It’s easy to get caught up in the frenzy that some have hailed as “the e-commerce revolution.” But what implications will e-commerce have regarding the packaging function? Packagers, suppliers and logistics companies made presentations related to that topic at a June conference called Packaging for e-commerce direct-to-consumers.
Held in San Francisco, the conference was hosted by Michigan State University’s School of Packaging. Joe Kornick, principal at packaging design and development firm KornickLindsay (Chicago, IL), chaired the event. Packaging World sponsored the program.
More than 140 people attended the conference, a figure considerably higher than the 80 to 100 originally anticipated by MSU. The strong turnout appears to support the escalating interest in everything e-commerce. It’s also prompted MSU to host another conference on the topic (see sidebar).
Among the notable packaged goods manufacturers sending representatives to the recent conference were: The Coca-Cola Co., Ralston-Purina, Ross Products, Motorola, Hewlett- Packard, Nestlé USA, General Mills, Con Agra Grocery Products and The Clorox Co.
While all speakers at the conference addressed the e-commerce subject, this report focuses on presentations given by packagers Reflect.com and Ethan Allen.
‘Whole new environment’
Thomas Lowery, manager of the diagnostic research lab for Danbury, CT-based Ethan Allen, told the audience that e-commerce represents “a whole new and different environment” compared to traditional product distribution.
Ethan Allen is well-known for its home furnishing retail stores. But in the last year the company quietly began to make its goods available for purchase on its www.ethanallen.com Web site. Before it did that, Lowery said the company had to take a hard look at its packaging.
Much of the packaging challenge at Ethan Allen stems from the diverse sizes and weights of the products it, and its outside vendors, make. These range from smaller accessories such as pictures or pillows to large upholstery items and wooden furniture.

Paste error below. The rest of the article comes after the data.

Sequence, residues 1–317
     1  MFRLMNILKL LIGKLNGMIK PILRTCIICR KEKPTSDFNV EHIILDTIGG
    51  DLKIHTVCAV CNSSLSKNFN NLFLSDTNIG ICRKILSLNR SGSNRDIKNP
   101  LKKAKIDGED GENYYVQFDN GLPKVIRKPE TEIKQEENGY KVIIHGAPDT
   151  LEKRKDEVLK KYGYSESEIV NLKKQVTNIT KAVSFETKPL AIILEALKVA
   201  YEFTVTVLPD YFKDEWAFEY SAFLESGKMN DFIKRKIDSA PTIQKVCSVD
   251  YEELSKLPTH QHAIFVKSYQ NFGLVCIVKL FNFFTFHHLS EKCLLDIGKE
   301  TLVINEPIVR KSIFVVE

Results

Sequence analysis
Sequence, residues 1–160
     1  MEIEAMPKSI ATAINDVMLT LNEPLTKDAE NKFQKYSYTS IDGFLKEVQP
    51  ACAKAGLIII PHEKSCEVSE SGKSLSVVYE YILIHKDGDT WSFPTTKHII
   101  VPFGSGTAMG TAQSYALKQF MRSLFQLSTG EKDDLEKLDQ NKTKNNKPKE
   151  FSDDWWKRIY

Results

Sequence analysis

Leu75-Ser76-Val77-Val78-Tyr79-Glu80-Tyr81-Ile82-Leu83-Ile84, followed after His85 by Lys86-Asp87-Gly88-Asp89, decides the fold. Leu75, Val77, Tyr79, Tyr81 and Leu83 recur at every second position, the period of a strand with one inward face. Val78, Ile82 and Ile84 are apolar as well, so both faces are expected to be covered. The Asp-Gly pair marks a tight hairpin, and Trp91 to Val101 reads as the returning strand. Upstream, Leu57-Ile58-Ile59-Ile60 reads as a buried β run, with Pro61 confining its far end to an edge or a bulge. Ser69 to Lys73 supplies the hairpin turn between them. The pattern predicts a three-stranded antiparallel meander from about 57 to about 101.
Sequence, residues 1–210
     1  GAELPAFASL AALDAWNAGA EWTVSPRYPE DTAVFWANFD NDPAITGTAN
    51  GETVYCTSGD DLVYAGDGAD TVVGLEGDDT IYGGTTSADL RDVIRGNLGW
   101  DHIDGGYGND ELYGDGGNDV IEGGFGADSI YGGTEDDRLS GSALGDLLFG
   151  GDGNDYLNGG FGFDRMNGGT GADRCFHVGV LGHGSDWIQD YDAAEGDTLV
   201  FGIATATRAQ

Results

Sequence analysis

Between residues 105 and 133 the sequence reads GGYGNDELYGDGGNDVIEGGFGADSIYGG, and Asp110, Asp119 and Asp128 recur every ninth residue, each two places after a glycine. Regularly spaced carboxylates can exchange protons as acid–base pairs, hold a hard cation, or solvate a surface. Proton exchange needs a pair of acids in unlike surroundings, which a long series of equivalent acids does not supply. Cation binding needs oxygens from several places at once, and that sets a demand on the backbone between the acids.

“We use corrugated, polyethylene, polypropylene, polystyrene, newspaper—nearly every material you can think of,” Lowery said. “And we found that one of the biggest problems we had to overcome was package consistency.
“We use different materials in different countries,” he continued. “We found that loosefill didn’t work for certain lines. And in foam-in-place, we found that while one package would have enough protective material, another might only have a half-inch of foam between the product and side of the shipping case instead of the two inches it needed, so the item failed [was damaged].”
Lowery told the audience members that the home furnishings company decided to form an alliance with Sealed Air (Danbury, CT) to develop materials that could be used to consistently safeguard shipments in transit.
Before it offered products on the Web, Ethan Allen had to make four key changes, or switches, as Lowery called them. The first, he said, “was that we had to make sure every item we were going to sell on the Internet was designed to go through the small-parcel environment. That’s a rough environment, and we had to develop a relationship with a small-parcel carrier of our choice.” The company selected United Parcel Service (Atlanta, GA).
The second switch was to verify that there was inventory of the item. If so, “we’d bring it online,” he noted. The third switch concerned products passing rigorous certification testing to make sure they measured up to Ethan Allen’s criteria for the small-parcel environment. The tests are based on a variety of established shipping standards for the furniture business, as well as internal company testing. There are different tests for different products. If product passes its test(s), it’s one step closer to becoming available for sale on the Web site. The fourth and final switch, said Lowery, was for Marketing or Advertising to develop the appropriate information on the product about to be sold through cyberspace.
Distribution system changes
Ethan Allen also developed special standards for packing Internet orders. To accommodate e-commerce orders, Lowery said the furniture maker employed special cantilevered racking systems, mechanical hand trucks, multi-level conveyors, sensors and shrink tunnels to make its downstream warehousing functions more efficient. For example, Lowery pointed out that “we used to hand-shrink, and it took us 15 minutes to pack a sofa and six or seven minutes to do a chair. With a shrink tunnel, we can do those in a minute. And instead of inventorying product, more and more we’re going straight from manufacturing into a truck.”
With the prodding of e-commerce, the company also made changes to the way it handles product shipments. “Before we handled things in bulk,” Lowery noted. “Now we have to handle them individually. For example, we have 7ꯠ lamps. We had to come up with five packs to fit all those lamps in our system. And we only have four tray sizes to fit every sofa we make. They’re designed to fit in a trailer so that they use the cube perfectly.